It’s that time of year again! 2019 is behind us and 2020 is fast approaching. For many people the beginning of January signifies a time for renewal; a time to define some new goals and start to fill those resolution buckets.
We all know how difficult it is to stick to those goals. And then in a blink of an eye January is already over! Americans living abroad are certainly no exceptions. If anything, due to the stress and ambiguity of living in a different culture, goals can be even easier to lose sight of, especially if you just made your move.
How can I keep my New Year’s Resolutions living abroad?
Already thinking about the best ways to stay ahead of your New Year’s resolutions? The good news is you can reset and create new habits and intentions any time of year. The key is to ask yourself a few questions when creating your resolutions. It’s best to analyse them first before setting yourself up for failure, after all according to a study conducted by the University of Scranton, just 8 percent of people achieve their New Year’s goals, while around 80 percent fail to keep their New Year’s resolutions
Ask yourself these questions before committing to a resolution:
- Why do you want to make the change?
- Is your goal concrete and measurable?
- What is your plan?
- Who can support you as you work toward change?
- How will you celebrate your victories?
This is where people who live abroad have an advantage. You (and your spouse/partner and children) can tap back into the reasons for why you initially chose the adventure of living aboard. Most likely those reasons will involve, having new experiences, growth as individuals and as a family, as well as having fun. Once you identify the reasons it will be much easier to not only create goals that resonate with you but also enjoy the process of carrying them out.
Which resolutions are attainable living abroad?
So here are a few ideas to get you started. But not just any ideas; living abroad- specific ideas to help you create goals and actions steps to make the most out of your international experience.
The companion goal to lose weight or get fit is often to eat better, but, here, we mean eat local. Food is a great cultural gateway and introduction to a new country – not just what people eat but how they establish mealtime rituals. It is a way that people connect and nurture each other. So you might meet a new friend along your food journey or establish a new family “tradition”.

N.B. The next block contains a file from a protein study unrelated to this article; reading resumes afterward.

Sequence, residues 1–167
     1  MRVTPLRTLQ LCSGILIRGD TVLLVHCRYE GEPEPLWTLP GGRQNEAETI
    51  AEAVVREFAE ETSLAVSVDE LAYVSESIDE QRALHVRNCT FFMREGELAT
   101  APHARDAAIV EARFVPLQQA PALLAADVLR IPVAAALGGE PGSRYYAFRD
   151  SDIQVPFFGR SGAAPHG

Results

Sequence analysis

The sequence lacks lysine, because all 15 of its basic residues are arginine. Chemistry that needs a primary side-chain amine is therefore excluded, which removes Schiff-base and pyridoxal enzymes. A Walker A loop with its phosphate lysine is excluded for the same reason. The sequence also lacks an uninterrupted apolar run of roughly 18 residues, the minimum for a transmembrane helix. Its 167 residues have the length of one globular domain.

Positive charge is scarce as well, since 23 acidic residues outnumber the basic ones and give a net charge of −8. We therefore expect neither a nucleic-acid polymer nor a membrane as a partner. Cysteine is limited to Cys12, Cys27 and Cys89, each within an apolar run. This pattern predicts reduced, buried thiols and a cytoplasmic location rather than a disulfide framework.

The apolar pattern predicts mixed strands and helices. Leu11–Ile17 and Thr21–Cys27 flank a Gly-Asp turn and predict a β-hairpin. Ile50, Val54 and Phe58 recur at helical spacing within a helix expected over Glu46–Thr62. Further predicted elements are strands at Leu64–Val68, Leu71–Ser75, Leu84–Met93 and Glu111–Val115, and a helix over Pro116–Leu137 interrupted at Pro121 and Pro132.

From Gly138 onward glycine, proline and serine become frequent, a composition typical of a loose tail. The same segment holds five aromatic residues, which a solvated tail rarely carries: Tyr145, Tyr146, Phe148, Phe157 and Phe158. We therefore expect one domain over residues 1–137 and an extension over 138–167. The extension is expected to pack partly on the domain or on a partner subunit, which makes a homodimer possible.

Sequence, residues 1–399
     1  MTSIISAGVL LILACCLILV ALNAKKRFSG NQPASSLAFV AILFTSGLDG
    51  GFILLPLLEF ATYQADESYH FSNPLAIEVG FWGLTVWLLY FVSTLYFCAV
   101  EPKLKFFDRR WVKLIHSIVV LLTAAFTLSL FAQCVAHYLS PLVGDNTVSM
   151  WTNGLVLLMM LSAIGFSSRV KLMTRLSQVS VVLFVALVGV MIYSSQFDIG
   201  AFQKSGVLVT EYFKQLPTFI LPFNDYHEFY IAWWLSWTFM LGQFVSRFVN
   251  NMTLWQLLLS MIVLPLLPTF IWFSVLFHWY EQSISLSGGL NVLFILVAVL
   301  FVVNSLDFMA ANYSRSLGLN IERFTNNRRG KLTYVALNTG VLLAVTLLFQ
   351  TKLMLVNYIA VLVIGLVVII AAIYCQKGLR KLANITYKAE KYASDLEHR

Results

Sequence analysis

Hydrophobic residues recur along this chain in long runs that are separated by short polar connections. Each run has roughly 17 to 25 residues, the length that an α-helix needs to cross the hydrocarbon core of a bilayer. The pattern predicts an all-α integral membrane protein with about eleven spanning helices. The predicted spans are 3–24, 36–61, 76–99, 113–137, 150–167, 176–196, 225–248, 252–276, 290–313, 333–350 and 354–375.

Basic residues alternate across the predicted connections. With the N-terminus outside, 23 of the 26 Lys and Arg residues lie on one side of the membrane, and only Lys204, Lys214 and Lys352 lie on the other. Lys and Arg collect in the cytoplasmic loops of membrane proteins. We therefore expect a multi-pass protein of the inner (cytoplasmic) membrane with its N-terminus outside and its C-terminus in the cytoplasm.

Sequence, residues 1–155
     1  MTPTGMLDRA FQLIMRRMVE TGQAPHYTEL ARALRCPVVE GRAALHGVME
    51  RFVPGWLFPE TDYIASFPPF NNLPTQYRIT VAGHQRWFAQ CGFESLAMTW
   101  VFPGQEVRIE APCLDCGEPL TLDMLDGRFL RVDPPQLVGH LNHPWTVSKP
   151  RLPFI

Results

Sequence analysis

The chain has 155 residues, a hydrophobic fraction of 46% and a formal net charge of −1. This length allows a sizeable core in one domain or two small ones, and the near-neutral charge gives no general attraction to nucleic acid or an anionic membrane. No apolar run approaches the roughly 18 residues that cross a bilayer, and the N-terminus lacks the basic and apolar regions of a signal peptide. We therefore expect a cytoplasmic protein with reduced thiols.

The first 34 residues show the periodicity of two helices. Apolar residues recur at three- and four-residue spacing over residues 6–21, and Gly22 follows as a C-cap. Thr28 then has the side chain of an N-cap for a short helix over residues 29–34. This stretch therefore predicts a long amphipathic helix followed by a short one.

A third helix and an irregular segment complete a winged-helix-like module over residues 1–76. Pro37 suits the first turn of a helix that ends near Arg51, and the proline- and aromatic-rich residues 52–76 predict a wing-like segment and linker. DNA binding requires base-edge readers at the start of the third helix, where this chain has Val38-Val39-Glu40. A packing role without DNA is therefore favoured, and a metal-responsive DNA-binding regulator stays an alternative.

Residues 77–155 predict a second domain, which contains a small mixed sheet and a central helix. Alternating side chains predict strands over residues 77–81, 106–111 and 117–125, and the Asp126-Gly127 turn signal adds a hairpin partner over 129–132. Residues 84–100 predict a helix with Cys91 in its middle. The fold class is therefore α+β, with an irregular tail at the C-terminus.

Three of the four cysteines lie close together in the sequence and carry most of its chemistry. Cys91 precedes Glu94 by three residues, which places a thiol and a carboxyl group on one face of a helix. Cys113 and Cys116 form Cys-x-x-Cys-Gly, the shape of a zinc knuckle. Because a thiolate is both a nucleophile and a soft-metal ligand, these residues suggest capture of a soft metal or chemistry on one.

Get More Exercise
Get out and explore your host city. If possible walk the streets and listen to the noises and language. How do people greet each other and interact? Are they casual or more formal? Expressive, like Mexicans, or reserved more like Japanese nationals? The best way to get to know a new country is to observe without judgement. Keep an open mind. This is great to do on your own or with a partner/spouse and children.
Spend More Time with Friends
In this list, it’s all about making new friends. If you are having an Intercultural Training program or Partner Support program, you will learn about building personal and professional networks to establish yourself in the new country, but, some quick tips are to get involved with your children’s school activities, volunteer at an organization you are passionate about or join some classes (cooking, wine tasting, tennis etc). The best piece of advice we’ve heard from expats was to accept every invitation you are offered! You never know where it may lead, but, for certain you will learn valuable lessons on how to integrate into your new host culture because just like food, it’s a window to the cultural norms.
Learn a Language
Even if the business language at your workplace is your native language, still make the effort to learn the local language. It will show respect to your colleagues and be an ice-breaker in social situations. You’ll be amazed at how much the locals will support and help you find your words. This is also a fun activity to do as a family; you can practice at local restaurants, shops and even at home.
Keeping up with resolutions can be intimidating when you look at the long-term goal. Think baby steps! Make tangible micro milestones and slowly work your way to the end goal so that it becomes a sustainable process. Just keep in mind that resolutions have to come from a place of self-love and wanting to better yourself (and not because you are not good enough) and you’re off to a positive start!